US real estate

Real estate and transit officials see potential for change in Project Connect plans

Thursday, September 1, 2022 by Chad Swiatecki

As planning and early design work for the Project Connect transit plan progresses, with cost increases due to inflation and expanding reach, a Dallas developer recently told real estate executives of Austin that the city had an opportunity to remake transportation policy and serve as a model for other American cities.

At the August breakfast hosted by the Urban Land Institute of Austin, Joseph Pitchford, general manager of development for Crescent Real Estate, said Project Connect’s focus on anti-displacement measures and attempts to include equity considerations in transit-oriented developments along new transit lines attract national attention.

“There is always this fear and worry, are we going to get it right? From the perspective of Dallas, where we are proud of the miles of light rail that we have…we are behind in how those miles have been consolidated for transit-first development,” he said. declared. “And of course we are lagging behind in how those miles have been used for equitable transit-focused development. Here’s a chance for Austin with an incredible investment to get it right.

Progress on the various light rail and bus lines and other components of the voter-approved 2020 transit plan is still in the very early stages, with the city in June approving the first use of part $300 million in anti-displacement funds to buy apartment complexes for low-income residents.

Total costs for the entire transit plan rose during the initial design phase from about $5.8 billion to $10.3 billion, the newly formed Austin Transit Partnership having found that these costs are expected to continue to rise.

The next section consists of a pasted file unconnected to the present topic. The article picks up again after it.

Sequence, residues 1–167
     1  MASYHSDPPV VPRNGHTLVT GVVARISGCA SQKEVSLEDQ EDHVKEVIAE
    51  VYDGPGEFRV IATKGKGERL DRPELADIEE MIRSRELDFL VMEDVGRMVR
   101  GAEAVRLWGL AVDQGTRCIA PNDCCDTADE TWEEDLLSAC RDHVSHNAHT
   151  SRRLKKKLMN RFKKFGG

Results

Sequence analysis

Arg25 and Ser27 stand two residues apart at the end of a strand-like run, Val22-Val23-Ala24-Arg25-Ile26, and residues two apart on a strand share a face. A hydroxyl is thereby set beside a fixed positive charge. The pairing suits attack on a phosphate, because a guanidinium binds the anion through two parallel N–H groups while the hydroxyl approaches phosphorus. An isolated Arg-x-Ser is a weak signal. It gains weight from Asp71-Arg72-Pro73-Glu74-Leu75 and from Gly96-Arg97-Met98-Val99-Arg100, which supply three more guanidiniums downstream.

Greg Canally, acting executive director of ATP, said cost increases tend to show up early in the design phase, which is when planners can make changes to design plans and construction or financing models to reflect new cost estimates. A major cause of the increase, he said, is the rising cost of real estate needed for rights of way along planned transit lines.

“We are in a very good position at the moment. When we face these cost issues, we are in a part of the project which is the development phase of the project, and we have been able to bring together experts from all over the country to tell us and make sure that the time to go through the research to all the data and the planning to do the technical and financial reviews is now,” he said. “Things are now at a point where we are going back and reviewing the work done and updating the implementation plan by looking at more ground level solutions where we currently have basement. And where we have basement, can we consider simpler options.

Canally said ATP recently contracted experienced right-of-way acquisition consultants to help advise stakeholders on the best way forward. Other ongoing projects include work on utilities and researching which vehicles and mobility systems will best fit various parts of the overall system.

Another Project Connect priority will be to ensure equity considerations are included in upcoming transit-oriented development plans led by city approvals.

Annick Beaudet, the city’s mobility officer, said the recent emphasis and shift to fair TODs will also be reflected in a new TOD policy plan that will come to Council for consideration later this year. .

“What you see now with a fair TOD is a more focused goal of being more people-centric and more results-oriented rather than what needs to be done for the built environment,” she said. . “At the heart of what we do is not to lose sight of what the built environment should look like. We have time to get it right in terms of who we want to serve and to maintain those who are already here.

Photo made available through a Creative Commons license.

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